We show in this paper that the choice of the resolution with which we observe our system allows us to see either noisy or deterministic dynamics. By counting photon arrivals over timescales on the order of the delay time and filter time constants, we see deterministic dynamics in the time series, Poincaré sections, and the autocorrelation functions. Furthermore, when we observe the dynamics on large scales of both value (*ε*) and time (*w* and *τ*), we find that the entropy rate is close in value to the metric entropy calculated from the positive Lyapunov exponents of the deterministic model, which shows that the entropy generation is dominated by the deterministic exponential amplification of small perturbations in this regime.

In contrast, by using high resolution in photon counts and timescales, we see that both the entropy rate and variance reflect the stochastic nature of the photon arrivals. For small values of *w*, the variance of the number of photon counts is equal to the average number of counts, characteristic of a Poisson process. The logarithmic dependence of the entropy on *ε* shown in Fig. 5 offers another indication of the noisy nature of the dynamics at small scales. In addition to showing both shot noise and chaos at different scales, our experiment also shows a transition from shot noise to chaos with increasing photon rate. The precise control over the rate of photon arrivals and dynamical timescales afforded by our experiment allows for experimental observation of the interplay of noise and dynamics. Our results can be seen to bridge two widely used methods of physical random number generation.

Two prevalent methods have attracted attention for optical random number generation: those based on single-photon detection from strongly attenuated light sources (58, 59), and those based on digitized high-speed fluctuations from chaotic lasers (13). In the former case, the entropy is claimed to originate entirely from quantum mechanical uncertainty, yet in practice these methods are also subject to unpredictable drift and environmental variations. In the latter case, the entropy is attributed to the dynamical unpredictability of chaos, but the unavoidable presence of spontaneous emission is thought to play a role in seeding these macroscopic fluctuations (20, 21). The system presented here is unprecedented in that it can approach macroscopic chaos from the single-photon limit, thereby revealing the transition from noise to chaos. Moreover, the analysis offers a unified measure of entropy that captures both behaviors and clarifies the relationship between sampling frequency, measurement resolution, and entropy rate.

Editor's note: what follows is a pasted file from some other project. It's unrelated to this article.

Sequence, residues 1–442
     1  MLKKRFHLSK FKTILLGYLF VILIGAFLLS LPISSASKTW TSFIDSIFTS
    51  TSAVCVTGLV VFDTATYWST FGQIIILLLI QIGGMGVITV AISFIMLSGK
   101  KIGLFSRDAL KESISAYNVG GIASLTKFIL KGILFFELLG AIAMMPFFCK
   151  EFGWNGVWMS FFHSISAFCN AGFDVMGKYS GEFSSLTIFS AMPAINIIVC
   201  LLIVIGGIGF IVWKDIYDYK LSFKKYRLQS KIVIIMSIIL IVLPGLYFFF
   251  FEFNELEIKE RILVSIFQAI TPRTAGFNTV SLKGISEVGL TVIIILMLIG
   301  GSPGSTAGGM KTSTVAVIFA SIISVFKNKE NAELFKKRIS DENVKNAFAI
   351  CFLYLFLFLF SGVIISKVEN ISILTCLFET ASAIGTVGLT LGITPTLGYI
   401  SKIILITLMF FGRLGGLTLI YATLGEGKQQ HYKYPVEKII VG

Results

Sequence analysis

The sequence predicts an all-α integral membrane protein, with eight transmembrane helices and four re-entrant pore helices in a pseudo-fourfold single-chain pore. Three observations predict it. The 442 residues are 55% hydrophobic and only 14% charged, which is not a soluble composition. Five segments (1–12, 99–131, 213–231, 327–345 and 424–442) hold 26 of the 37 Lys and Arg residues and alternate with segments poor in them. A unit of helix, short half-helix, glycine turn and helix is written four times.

The designer of a physical random number generator must choose the sampling rate and resolution that they will use to collect numbers from a physical system. These decisions will impact the entropy rate. Heuristically, finer discretization (smaller *ε*) and more frequent sampling (smaller *τ*) lead to higher entropy rates, but without the methods presented here it is difficult to assess the dependence of the entropy rate on these parameters in any given system. The statistical tests that are usually used to evaluate physical random number generation (26, 27) were not designed to answer these questions, but rather to certify that a stream of bits is free of bias and correlation. If a random number generator employs postprocessing (as most do), existing statistical tests applied to the output binary sequence provide no insight into whether the entropy originates from the physical process or the postprocessing algorithm used. The (ε, τ) entropy clarifies the origin and nature of uncertainty and informs the choice of sampling rate and measurement resolution.

## Acknowledgments

We acknowledge the University of Maryland supercomputing resources (it.umd.edu/hpcc) made available in conducting the research reported in this paper. We gratefully acknowledge Grant N000141410443 from the Office of Naval Research.

## Footnotes

- ↵
^{1}To whom correspondence should be addressed. Email: aaron.hagerstrom{at}gmail.com.

Author contributions: A.M.H., T.E.M., and R.R. designed research; A.M.H. performed research; A.M.H. analyzed data; and A.M.H., T.E.M., and R.R. wrote the paper.

The authors declare no conflict of interest.

This article is a PNAS Direct Submission.